Friday, October 29, 2010

Climate Change and its National Security Implications Part I

Climate Change and its National Security Implications Part I

Last year, I recall reading a column in the Forum that started with the following, and I paraphrase: “It’s snowing outside, so therefore there must be global climate change.” Along with the information disseminated from legitimate scientific sources such as Sean Hannity and Rush Limbaugh, local weather observations sufficiently prove that climate scientists are really obscuring the truth of climate change: that there is no such phenomena as climate change.

But if that were the case, why is the Department of Defense taking steps to deal with reducing use of fossil fuels and studying affects of climate change?

The Navy established a goal to have a “Green Strike Group” that will run on bio-fuels by 2015. The Army and Marine Corps have run studies as to how to minimize the use of fossil fuels both in the field and on base. The Air Force by 2011 will be certified to use biofuels for flight. Rising costs in transporting fossil fuels and the vulnerability forward deployed forces in Afghanistan face in protecting those resources from insurgent attacks have forced the US military to seek new means to minimize that need for fossil fuels. The Department of Defense has organized senior officers to investigate the impacts of climate change on national security, involving members of the Joint Chiefs of Staff and other major commanders.

If climate change is just a canard created by climate scientists to secure more funding, then there would be no reason why the military would look to alternative sources of energy and investigate the impacts of climate change.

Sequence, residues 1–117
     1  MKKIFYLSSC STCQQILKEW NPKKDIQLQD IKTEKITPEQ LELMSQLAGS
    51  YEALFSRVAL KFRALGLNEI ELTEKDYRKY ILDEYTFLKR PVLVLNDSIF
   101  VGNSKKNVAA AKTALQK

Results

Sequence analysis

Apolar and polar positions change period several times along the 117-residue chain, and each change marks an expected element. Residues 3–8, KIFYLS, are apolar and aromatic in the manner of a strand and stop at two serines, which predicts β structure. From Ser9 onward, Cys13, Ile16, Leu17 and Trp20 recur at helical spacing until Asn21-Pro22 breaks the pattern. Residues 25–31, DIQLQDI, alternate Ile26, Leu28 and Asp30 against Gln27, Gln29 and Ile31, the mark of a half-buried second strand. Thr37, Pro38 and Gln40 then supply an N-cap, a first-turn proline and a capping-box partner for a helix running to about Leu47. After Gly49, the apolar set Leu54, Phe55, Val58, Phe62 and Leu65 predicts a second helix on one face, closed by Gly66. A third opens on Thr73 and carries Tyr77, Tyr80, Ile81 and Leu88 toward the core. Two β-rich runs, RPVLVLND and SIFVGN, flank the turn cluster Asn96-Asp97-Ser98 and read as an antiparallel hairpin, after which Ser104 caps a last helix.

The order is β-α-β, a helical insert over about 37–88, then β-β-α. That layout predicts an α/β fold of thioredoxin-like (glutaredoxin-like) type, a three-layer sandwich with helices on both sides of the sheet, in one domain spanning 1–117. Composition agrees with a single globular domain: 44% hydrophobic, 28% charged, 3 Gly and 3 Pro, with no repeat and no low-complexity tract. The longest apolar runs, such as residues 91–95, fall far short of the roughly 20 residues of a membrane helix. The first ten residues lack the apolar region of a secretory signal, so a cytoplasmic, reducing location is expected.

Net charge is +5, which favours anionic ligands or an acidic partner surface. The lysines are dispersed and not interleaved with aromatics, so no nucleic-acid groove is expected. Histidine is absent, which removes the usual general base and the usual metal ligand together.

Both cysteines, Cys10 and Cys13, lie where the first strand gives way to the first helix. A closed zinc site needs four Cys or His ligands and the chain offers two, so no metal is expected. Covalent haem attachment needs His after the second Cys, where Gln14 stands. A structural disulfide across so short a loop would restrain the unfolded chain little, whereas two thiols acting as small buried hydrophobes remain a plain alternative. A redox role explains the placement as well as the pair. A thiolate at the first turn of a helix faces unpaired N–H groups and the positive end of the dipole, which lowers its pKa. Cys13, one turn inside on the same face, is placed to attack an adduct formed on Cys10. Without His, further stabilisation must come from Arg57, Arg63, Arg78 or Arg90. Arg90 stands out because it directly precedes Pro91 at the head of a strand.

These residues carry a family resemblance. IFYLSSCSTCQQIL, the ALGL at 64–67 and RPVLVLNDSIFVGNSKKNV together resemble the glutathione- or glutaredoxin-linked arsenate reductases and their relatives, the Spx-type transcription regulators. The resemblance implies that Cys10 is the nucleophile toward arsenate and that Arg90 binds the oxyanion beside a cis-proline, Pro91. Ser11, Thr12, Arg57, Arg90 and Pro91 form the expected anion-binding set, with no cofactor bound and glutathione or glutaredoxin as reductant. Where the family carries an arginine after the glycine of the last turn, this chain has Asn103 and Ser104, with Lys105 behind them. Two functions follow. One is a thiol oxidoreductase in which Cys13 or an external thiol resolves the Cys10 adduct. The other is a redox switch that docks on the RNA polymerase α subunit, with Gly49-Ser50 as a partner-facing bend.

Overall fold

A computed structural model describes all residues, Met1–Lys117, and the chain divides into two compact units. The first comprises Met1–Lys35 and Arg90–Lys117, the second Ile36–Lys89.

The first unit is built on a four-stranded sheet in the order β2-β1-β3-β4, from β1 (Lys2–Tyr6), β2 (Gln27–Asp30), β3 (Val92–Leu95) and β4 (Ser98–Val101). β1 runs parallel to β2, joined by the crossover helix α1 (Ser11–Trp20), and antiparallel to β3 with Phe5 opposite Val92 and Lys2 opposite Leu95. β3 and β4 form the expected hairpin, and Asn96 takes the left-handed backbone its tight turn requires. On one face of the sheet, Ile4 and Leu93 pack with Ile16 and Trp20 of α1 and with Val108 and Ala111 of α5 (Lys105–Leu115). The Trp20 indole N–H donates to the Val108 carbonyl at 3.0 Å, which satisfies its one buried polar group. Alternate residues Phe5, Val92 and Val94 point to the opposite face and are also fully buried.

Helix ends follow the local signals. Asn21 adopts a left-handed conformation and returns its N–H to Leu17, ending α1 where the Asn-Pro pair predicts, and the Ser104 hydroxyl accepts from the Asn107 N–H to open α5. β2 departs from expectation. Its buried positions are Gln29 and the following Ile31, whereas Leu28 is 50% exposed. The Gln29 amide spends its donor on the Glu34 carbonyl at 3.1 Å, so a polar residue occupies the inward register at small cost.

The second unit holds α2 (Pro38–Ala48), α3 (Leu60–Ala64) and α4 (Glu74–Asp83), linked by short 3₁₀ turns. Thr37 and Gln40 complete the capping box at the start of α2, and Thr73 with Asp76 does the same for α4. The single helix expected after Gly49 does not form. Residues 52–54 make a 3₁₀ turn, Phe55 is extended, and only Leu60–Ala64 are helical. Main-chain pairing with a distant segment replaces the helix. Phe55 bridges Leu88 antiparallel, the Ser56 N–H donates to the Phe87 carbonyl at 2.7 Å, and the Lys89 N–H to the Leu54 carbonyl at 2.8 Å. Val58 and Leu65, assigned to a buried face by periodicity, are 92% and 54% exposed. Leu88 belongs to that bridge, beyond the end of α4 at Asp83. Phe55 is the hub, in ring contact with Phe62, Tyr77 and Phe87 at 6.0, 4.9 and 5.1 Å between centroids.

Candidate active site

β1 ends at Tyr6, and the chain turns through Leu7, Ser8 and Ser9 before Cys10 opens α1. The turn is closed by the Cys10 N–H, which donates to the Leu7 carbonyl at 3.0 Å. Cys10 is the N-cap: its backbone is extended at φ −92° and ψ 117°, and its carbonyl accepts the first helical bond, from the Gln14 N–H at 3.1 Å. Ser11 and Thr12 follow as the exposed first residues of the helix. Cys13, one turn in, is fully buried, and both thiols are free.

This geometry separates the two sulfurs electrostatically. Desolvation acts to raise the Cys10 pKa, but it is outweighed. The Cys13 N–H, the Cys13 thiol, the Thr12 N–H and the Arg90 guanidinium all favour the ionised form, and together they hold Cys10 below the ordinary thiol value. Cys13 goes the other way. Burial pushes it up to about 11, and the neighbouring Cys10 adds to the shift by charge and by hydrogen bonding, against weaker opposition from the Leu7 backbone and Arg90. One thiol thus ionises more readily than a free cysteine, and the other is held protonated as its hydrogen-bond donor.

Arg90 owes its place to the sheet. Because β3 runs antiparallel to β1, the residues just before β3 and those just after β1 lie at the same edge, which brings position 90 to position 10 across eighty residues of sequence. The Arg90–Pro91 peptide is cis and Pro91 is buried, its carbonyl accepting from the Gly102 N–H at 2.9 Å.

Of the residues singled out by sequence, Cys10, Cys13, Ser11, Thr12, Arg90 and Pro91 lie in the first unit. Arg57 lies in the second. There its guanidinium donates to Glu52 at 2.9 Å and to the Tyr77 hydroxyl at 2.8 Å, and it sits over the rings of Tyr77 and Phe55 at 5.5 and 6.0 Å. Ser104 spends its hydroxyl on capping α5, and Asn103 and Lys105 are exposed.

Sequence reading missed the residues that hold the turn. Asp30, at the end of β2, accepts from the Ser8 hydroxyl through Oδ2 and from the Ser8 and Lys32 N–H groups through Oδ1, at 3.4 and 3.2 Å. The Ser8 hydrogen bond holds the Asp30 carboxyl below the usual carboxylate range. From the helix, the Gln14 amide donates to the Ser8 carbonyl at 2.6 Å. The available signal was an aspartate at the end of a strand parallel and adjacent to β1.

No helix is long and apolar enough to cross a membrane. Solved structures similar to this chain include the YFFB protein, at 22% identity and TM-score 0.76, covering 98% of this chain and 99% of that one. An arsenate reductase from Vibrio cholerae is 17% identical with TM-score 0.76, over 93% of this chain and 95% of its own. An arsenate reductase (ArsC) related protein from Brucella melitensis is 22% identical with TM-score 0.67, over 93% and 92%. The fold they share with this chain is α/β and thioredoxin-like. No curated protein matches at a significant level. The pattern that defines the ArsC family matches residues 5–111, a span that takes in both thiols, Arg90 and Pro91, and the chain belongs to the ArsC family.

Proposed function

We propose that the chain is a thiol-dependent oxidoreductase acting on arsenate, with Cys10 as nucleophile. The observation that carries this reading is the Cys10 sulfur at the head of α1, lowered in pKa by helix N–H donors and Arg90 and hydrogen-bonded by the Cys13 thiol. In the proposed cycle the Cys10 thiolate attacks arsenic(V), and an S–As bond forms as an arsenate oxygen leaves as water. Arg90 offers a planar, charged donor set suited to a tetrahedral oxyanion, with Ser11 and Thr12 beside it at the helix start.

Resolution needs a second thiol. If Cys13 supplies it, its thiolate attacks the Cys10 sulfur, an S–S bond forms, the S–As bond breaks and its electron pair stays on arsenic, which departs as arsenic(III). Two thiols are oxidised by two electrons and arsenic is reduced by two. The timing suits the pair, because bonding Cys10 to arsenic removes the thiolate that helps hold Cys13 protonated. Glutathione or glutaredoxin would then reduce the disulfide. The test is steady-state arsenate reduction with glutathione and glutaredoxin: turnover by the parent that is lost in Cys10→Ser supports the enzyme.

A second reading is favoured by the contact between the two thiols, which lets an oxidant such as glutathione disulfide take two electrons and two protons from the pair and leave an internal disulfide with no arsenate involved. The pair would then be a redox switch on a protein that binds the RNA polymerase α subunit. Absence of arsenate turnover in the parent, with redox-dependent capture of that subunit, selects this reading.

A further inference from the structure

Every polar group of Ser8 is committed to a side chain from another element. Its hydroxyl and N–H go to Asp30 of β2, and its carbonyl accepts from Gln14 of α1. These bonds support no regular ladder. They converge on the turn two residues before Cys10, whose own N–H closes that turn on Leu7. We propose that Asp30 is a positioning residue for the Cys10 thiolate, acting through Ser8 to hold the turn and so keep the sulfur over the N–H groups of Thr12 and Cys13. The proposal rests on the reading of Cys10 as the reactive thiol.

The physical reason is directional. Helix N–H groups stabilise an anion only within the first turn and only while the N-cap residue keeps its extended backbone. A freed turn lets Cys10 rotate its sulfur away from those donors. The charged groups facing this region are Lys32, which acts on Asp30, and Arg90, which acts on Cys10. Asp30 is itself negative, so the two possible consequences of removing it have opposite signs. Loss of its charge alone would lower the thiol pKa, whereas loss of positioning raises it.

Climate change does have an impact on our ecosystem that directly affects humans. The following is just a short laundry list of those effects on our species:

1. A lack of access to supplies of fresh water. Sources of fresh water derive from mountain glaciers, rainfall, snowfall and subsequent snowmelt. Changes in temperature can lead to the reduction of snowfall that replenishes glaciers when they melt in the warmer seasons. With higher temperatures, there is more rainfall, leading to flooding during rainy seasons and less glacier run off during the drier seasons.

According to the 2007 CNA report on Climate Change and National Security, over 40% of the world’s population receives around half of its fresh drinking water from glaciers in the world. The bottom line, with rising global temperatures, the more flooding in the spring, similar to the floods that hammered the Midwest in 2009 and more droughts, similar to the droughts that have hammered sub Saharan Africa.

2. Diminished capacity to produce food. The before mentioned lack of glacier water during droughts lead to an inability to grow crops. With each 1.8 degree (F) rise in temperature there will be a 10% drop in grain production according to Lester Brown’s World Grain Stocks Fall to 57 Days of Consumption.

3. Human health will be affected greatly by climate change. The main issues are those of vector borne diseases and the impact on human health based on a lack of clean fresh water sources. The disaster in Katrina is an example of how a devastating climate event can cause the spread of disease or risks to human health (malaria, mold), the impact on humans without sufficient clean water (see the Superdome debacle) and the massive federal and state resources required to deal with the situation that unfolded.

4. The loss of land and major flooding that can lead to population displacement. As above, the Katrina disaster is a case study of the effects of flooding and land loss and the subsequent population displacement. Over two thirds of the human population lives in close proximity to coastlines around the world. Rising sea levels caused by the melting of Arctic and Antarctic glaciers will endanger major cities located near the ocean. The rising seas and its associated storm surges will affect populations clustered around the world’s major rivers as the salt water from the storm surges can contaminate ground water and destroy croplands.